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In pictures: Orthodox Mass in Yekaterinburg

The religious revival in Russia is on display in the city where Tsar Nicholas II and his family were killed during the Russian Revolution.

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Worshipers kiss the cross held by Orthodox Priest Alexei Kulberg during a service at The Bolshoi Zlatoust Church (translates as the "Big (or Great) Chrysostom" Church) in Yekaterinburg, Russia, January 15, 2014.

John Lehmann/The Globe and Mail

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Orthodox Priest Alexei Kulberg holds a cross at The Bolshoi Zlatoust Church in Yekaterinburg, Russia.

John Lehmann/The Globe and Mail

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Worshippers attend a mass in the Church on Blood (the spot where Tsar Nicholas II and family were killed) in Yekaterinburg, Russia, January 14, 2014.

John Lehmann/The Globe and Mail

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Mass in the Church on Blood, (the spot where Tsar Nicholas II and family were killed) in Yekaterinburg, Russia, January 14, 2014.

John Lehmann/The Globe and Mail

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Mass in the Church on Blood, (the spot where Tsar Nicholas II and family were killed) in Yekaterinburg, Russia, January 14, 2014.

John Lehmann/The Globe and Mail

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A worshiper attends mass in the Church on Blood (the spot where Tsar Nicholas II and family were killed) in Yekaterinburg, Russia, January 14, 2014.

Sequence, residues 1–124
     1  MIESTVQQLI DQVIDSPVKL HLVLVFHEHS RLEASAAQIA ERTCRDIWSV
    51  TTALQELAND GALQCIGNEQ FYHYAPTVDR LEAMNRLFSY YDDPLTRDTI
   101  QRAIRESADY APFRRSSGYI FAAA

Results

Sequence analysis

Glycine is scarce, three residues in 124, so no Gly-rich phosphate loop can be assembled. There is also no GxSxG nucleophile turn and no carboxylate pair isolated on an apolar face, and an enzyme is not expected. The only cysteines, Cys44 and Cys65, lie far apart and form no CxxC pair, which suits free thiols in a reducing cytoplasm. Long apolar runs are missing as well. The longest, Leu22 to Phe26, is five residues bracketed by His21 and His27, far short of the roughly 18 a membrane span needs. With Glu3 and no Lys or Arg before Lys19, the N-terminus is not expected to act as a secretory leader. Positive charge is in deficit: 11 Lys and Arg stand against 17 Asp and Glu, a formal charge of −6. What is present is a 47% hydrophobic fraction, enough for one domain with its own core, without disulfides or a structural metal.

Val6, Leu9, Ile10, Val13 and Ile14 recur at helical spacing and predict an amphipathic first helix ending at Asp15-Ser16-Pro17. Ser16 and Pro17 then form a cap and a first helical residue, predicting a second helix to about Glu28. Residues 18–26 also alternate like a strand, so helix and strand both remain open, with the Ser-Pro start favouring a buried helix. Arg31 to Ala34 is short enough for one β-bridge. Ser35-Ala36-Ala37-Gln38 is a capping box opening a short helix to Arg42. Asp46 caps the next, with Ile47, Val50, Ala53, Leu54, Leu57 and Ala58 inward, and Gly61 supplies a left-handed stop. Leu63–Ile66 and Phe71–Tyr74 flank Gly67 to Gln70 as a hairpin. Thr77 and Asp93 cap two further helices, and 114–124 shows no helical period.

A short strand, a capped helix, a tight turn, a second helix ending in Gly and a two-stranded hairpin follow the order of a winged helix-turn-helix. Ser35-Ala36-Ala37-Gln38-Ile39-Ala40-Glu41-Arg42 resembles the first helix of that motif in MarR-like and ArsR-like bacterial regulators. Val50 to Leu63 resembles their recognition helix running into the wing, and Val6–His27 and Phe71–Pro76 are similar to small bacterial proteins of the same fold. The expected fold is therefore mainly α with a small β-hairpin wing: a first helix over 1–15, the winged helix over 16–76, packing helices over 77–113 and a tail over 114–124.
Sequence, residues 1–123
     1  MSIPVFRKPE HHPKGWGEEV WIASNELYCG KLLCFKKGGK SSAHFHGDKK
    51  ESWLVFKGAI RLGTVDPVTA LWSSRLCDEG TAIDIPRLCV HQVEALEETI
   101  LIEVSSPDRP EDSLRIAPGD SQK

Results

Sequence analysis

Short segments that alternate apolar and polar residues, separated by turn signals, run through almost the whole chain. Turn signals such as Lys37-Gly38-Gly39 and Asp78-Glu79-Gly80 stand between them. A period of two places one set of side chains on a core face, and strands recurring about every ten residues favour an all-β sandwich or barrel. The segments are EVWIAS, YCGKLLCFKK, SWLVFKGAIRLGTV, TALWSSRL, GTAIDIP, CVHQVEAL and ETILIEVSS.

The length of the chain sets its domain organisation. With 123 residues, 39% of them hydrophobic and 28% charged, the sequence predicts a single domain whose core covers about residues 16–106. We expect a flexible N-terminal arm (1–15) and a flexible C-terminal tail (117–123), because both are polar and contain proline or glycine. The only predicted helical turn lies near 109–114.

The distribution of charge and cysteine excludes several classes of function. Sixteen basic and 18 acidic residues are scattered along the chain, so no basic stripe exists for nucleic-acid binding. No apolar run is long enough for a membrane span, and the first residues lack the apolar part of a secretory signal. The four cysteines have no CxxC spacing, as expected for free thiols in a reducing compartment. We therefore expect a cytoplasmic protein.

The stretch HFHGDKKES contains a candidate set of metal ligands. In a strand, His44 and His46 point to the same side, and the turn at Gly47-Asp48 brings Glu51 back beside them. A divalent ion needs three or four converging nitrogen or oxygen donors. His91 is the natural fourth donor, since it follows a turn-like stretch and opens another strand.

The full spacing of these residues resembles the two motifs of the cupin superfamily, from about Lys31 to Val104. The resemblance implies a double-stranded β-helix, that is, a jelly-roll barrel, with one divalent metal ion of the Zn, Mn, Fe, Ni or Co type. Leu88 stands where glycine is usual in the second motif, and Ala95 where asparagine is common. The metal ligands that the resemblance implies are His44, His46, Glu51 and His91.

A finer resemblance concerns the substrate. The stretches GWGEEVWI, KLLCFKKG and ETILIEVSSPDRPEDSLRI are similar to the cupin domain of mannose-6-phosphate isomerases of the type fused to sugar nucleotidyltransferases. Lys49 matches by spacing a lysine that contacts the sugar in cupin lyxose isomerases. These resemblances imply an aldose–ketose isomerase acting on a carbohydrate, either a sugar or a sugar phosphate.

John Lehmann/The Globe and Mail

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Worshippers attend a mass in the Church on Blood (the spot where Tsar Nicholas II and family were killed) in Yekaterinburg, Russia, January 14, 2014.

John Lehmann/The Globe and Mail

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A worshiper attends mass in the Church on Blood (the spot where Tsar Nicholas II and family were killed) in Yekaterinburg, Russia, January 14, 2014.

John Lehmann/The Globe and Mail

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Worshippers attend a mass in the Church on Blood (the spot where Tsar Nicholas II and family were killed) in Yekaterinburg, Russia, January 14, 2014.

John Lehmann/The Globe and Mail

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Mass in the Church on Blood, (the spot where Tsar Nicholas II and family were killed) in Yekaterinburg, Russia, January 14, 2014.

John Lehmann/The Globe and Mail

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Father Alexey Kulberg, an outspoken Orthodox priest at Yekaterinburg’s Bolshoi Zlatoust Church. Father Alexey praises Vladimir Putin, saying his ‘ideology for developing Russia coincides with the direction of the Russian Orthodox Church.’

John Lehmann/The Globe and Mail

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